October 23, 2023
By Chloe Arrington

David Hu, professor in the George W. Woodruff School of Mechanical Engineering and School of Biological Sciences at Georgia Tech, has been elected a 2023 American Physical Society (APS) Fellow for his innovative experiments in biological fluid mechanics and his willingness to share them with young scientists. Hu’s nomination came from the APS Division of Fluid Dynamics (DFD). 

The APS Fellowship Program recognizes members who have made exceptional contributions in physics research, important applications of physics, leadership in or service to physics, or significant contributions to physics education. Each year, less than 10 members from the APS DFD community receive this elevation and this year only eight Fellows were selected.

Hu conducts out-of-the-box experiments and discovers new scaling laws governing animal motion. He has used rheometers to characterize the visco-elasticity of fire ant rafts, which provides a useful metric for characterizing the swarm; he has shown how cats use capillarity to clean themselves with their tongues and has a U.S. patent on a cat-inspired hairbrush; and he has studied how mosquitoes and insects can fly through rainstorms without injury and discovered scaling rules that govern urination and defecation across body size.  

Hu has a long history with fluid dynamics and other APS Fellows, and both have influenced and inspired his career.

“I took my first fluid mechanics class in 1999. The instructor had xeroxed articles about MIT's ‘RoboTuna,’ the first robot to use flexible fins to move. That teacher, Gareth McKinley, was an APS Fellow,” said Hu. “Every fluid mechanics class I took after that was taught by an APS Fellow.” 

Hu has taught fluid mechanics for 13 years at Georgia Tech and describes it as a beautiful subject that has resonated with him since that first class in 1999. “It was visually breathtaking, the ocean, the rain, the kitchen sink,” stated Hu. “It relied on math, which I liked, and even strange phenomena could be explained in elegant ways.” 

Hu communicates his passion for fluid mechanics through his experimental videos, talks, interviews, and writing. He comments regularly on fluid mechanics news in The New York Times and NPR. He published a popular science book How to Walk on Water and Climb up Walls: Animal Movement and Robots of the Future, with Princeton University Press in 2018. The book was a 2020 Finalist for the American Association for Advancement of Science (AAAS) /Subaru Prize for Excellence in Science Books, was recognized by the American Institute of Physics (AIP) Science Communication Award, Forbes’ Twelve of The Best Books About Biology and Inverse's Best Science Books. He also wrote a children’s book The P Word (Science Naturally, 2023). 

Hu pointed out that his Ph.D. advisor, postdoc advisor, members of his Ph.D. committee, and members of his qualifying exam committee were all APS fellows.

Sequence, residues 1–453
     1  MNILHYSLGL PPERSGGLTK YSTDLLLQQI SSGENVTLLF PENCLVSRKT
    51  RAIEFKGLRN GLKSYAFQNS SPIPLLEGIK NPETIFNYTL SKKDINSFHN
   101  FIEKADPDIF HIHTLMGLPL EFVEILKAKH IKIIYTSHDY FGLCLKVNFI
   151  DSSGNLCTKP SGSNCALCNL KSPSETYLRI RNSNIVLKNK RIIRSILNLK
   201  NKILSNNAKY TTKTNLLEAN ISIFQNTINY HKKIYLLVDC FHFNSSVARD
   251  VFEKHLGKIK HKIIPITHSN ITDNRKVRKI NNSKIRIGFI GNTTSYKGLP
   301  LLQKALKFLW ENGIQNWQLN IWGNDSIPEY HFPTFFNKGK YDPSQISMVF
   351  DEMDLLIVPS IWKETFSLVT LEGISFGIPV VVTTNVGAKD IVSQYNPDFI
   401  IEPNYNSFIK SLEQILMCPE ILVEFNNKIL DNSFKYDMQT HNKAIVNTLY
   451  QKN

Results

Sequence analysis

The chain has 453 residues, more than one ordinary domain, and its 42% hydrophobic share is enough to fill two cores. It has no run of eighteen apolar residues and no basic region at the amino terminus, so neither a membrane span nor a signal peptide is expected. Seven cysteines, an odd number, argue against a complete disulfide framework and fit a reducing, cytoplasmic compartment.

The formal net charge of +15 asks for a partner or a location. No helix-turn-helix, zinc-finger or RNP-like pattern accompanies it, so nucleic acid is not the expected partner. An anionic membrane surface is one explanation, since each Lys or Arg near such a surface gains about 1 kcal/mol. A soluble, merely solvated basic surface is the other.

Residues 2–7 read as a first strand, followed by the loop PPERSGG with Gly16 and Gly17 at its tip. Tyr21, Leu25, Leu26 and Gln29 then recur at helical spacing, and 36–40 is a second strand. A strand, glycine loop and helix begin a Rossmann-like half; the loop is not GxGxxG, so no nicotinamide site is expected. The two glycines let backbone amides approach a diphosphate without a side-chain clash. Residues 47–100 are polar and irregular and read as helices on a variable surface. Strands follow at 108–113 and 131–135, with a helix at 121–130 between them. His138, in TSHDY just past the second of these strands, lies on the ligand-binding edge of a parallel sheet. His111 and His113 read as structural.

“I am humbled to be elected among my teachers and mentors who have taught me everything I know,” said Hu. “I see that I have a responsibility, like the previous generation of fellows, to represent the subject matter well, make the difficult decisions, and help foster the next generation of fluid mechanics, whatever it may look like.”

Hu remembers one key takeaway from his Ph.D. advisor, John Bush, that scientists should not hide in labs. “We should shock and delight the public whenever we can!” Hu said. Hu describes fluid mechanics as a “unique subject because it is visual and all around us all the time. Therefore, everyone can appreciate and remember it, no matter if they have studied physics or not."

Hu also acknowledged the ‘creative and hardworking’ Ph.D. students in his lab he described as patient and brave to work with him. “I owe the graduate students everything.” 

Hu has published 70 peer-reviewed journal publications, including in Nature, PNAS, Journal of Fluid Mechanics, and Physical Review Fluids. He is the recipient of two Ig Nobel Prizes, awards given at Harvard University for “research that makes you laugh then think,” two Pineapple Science Prizes, known as the Ig Nobel Prizes of China, and the NSF CAREER Award. He is an associate editor for Proceedings of the Royal Society B and on the board of Journal of Experimental Biology.

He serves DFD by founding and leading the annual All the Faces of Fluid Dynamics lunches on diversity, co-organizing DFD workshops on science communication, and participating in DFD media relations committee (as member and vice-chair) and DFD nominating committee.

Hu will be formally recognized at the 76th Annual Meeting of the Division of Fluid Dynamics, taking place in Washington, D.C. next month.